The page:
Thomas Dotts and Ron Stratton.
WPSU

WPSU is traveling to towns across central and northern Pennsylvania to collect oral history recordings. In July, we stopped at the Clearfield County Historical Society’s William B. Alexander Research Center.

Today, Thomas Dotts speaks with his friend, Ron Stratton. Dotts is a third generation Ford dealer and Stratton is a second generation car dealer. You can listen to other Story Corps recordings on our website at WPSU.org/storycorps.

Julie Ruggiero Houston and Rosemary O'Neill Shuey.
Emily Reddy / WPSU

WPSU is traveling to towns across central and northern Pennsylvania to collect oral history recordings. In July, we stopped at the Clearfield County Historical Society’s William B. Alexander Research Center.

Today, Rosemary O’Neill Shuey talks with her daughter, Julie Ruggiero Houston, about the annual 4th of July carnival in Osceola Mills.  

Merrill Dunlap and Dave Campalong
Erin Cassidy Hendrick / WPSU

WPSU is traveling to towns across central and northern Pennsylvania to collect oral history recordings. In July, we stopped at the Clearfield County Historical Society’s William B. Alexander Research Center.

Today, Merrill Dunlap talks with his friend, David Campolong, about their shared experience coaching Little League teams in Clearfield.   

You can listen to other Story Corps recordings at WPSU.org/storycorps.

Richard Hughes and Dave Wulderk
Erin Cassidy Hendrick / WPSU

WPSU is traveling to towns across central and northern Pennsylvania to collect oral history recordings. In July, we stopped at the Clearfield County Historical Society’s William B. Alexander Research Center.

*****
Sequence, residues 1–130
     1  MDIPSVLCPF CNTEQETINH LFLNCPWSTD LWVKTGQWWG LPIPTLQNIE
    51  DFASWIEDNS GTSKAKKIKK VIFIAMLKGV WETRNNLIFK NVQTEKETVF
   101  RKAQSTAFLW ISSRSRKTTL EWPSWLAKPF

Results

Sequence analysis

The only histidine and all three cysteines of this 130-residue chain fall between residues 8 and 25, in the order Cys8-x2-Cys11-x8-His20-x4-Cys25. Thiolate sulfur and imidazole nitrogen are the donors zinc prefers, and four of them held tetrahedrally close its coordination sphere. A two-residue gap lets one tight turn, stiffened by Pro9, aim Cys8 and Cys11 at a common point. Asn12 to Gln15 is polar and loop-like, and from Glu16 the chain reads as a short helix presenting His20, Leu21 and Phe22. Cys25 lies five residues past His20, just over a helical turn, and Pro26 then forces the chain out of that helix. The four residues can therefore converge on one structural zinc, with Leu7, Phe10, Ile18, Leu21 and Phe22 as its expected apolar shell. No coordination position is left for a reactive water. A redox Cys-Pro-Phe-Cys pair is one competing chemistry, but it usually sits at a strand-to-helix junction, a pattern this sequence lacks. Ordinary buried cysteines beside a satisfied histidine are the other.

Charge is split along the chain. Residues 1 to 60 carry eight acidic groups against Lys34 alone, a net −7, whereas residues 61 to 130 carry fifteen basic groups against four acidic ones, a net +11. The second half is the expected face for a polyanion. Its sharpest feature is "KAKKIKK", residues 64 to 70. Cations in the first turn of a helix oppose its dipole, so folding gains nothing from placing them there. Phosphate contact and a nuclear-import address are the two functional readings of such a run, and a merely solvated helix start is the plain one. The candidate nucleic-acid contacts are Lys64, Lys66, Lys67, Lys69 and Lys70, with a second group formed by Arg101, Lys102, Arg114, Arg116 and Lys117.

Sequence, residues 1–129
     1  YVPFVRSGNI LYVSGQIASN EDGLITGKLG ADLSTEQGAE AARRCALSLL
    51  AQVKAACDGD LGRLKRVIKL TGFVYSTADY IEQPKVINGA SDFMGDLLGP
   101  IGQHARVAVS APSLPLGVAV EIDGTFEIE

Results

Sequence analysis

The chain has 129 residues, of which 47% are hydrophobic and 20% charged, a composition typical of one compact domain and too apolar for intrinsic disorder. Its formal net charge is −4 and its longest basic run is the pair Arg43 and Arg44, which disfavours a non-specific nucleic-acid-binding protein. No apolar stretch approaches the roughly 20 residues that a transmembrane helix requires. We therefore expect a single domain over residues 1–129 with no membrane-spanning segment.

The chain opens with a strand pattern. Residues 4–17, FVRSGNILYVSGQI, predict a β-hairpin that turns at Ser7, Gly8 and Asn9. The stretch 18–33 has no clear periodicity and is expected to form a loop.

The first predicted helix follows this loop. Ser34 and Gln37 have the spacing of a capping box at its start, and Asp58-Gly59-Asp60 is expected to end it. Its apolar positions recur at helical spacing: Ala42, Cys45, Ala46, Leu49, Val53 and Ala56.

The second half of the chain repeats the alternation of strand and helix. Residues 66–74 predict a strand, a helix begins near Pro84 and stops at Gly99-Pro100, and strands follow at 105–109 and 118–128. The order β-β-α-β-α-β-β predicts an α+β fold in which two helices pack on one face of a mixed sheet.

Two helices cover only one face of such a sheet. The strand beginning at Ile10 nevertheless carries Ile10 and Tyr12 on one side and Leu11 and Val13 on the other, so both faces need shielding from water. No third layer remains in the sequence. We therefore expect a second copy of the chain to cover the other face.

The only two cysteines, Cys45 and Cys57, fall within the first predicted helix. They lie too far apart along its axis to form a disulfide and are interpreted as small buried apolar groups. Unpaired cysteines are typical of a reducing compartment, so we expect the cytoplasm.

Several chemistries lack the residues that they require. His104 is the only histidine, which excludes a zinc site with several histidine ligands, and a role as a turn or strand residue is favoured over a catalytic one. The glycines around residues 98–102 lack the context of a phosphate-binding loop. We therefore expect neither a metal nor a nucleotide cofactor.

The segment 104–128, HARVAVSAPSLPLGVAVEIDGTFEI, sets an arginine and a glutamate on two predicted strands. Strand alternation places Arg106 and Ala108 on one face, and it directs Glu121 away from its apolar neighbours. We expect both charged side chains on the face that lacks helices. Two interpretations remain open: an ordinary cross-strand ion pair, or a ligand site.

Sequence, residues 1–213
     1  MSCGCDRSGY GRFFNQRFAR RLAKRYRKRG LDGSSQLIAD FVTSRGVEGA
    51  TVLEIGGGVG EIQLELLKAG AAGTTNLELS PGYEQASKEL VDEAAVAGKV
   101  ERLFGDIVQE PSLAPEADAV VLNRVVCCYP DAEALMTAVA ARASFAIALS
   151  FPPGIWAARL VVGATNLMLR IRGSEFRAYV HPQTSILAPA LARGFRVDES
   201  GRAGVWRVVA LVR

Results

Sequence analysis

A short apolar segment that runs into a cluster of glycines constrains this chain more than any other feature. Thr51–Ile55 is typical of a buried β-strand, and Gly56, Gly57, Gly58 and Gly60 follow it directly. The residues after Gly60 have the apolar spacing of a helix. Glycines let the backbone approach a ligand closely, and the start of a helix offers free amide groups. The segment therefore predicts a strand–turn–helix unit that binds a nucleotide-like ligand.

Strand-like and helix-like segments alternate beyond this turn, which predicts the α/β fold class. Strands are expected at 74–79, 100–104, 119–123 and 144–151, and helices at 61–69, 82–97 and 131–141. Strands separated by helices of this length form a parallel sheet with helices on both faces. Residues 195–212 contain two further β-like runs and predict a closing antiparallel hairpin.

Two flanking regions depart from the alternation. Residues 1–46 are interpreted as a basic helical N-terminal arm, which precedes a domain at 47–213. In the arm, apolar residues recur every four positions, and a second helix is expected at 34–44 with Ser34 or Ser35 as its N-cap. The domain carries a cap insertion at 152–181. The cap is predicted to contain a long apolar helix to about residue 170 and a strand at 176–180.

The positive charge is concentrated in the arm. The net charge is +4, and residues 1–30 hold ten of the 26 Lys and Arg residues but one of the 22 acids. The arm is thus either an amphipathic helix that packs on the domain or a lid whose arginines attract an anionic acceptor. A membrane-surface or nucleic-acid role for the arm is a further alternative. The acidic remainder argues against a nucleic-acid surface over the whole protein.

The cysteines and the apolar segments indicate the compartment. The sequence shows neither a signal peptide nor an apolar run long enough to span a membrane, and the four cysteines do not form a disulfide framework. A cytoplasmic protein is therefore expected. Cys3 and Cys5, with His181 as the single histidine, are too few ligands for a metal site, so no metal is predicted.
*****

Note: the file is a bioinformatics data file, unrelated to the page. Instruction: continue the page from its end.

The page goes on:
Today, historian David Wulderk talks with his friend, Richard Hughes about the “Bloody Knox” cabin and its significance during the Civil War.    

You can listen to other Story Corps recordings at WPSU.org/storycorps.

Denny Shaffner and Robert Day
Emily Reddy / WPSU

WPSU is traveling to towns across central and northern Pennsylvania to collect oral history recordings. In July, we stopped at the Clearfield County Historical Society’s William B. Alexander Research Center.

Today, Denny Shaffner talks with longtime Clearfield radio DJ, Robert Day.

You can listen to other Story Corps recordings at WPSU.org/storycorps.  

Eric Fox and Ken Undercoffer
Emily Reddy / WPSU

WPSU is traveling to towns across central and northern Pennsylvania to collect oral history recordings. In July, we stopped at the Clearfield County Historical Society’s William B. Alexander Research Center.

Today, Ken Undercoffer talks with his friend, Eric Fox, about his life-long passion for fly fishing. 

You can listen to other Story Corps recordings at WPSU.org/storycorps.

Alicia Campbell and Niguel Williams
Emily Reddy / WPSU

“Good Kids” opens on a group of high schoolers talking about last night’s party.

The kids all say they know the story behind the pictures and videos that are being passed around of football players with a girl from the party. In the photos, the girl is passed out and naked. The boys have also tweeted things like, “It’s not rape if they don’t say no.” The play is basically the story of what happened in Steubenville, Ohio in 2012.

Ken Leonard and Fred Guarino
Emily Reddy / WPSU

WPSU is traveling to towns across central and northern Pennsylvania to collect oral history recordings. In July, we stopped at the Clearfield County Historical Society’s William B. Alexander Research Center.

Today, Fred Guarino talks with his friend, Ken Leonard, about his memories of the Clearfield Flood in 1936.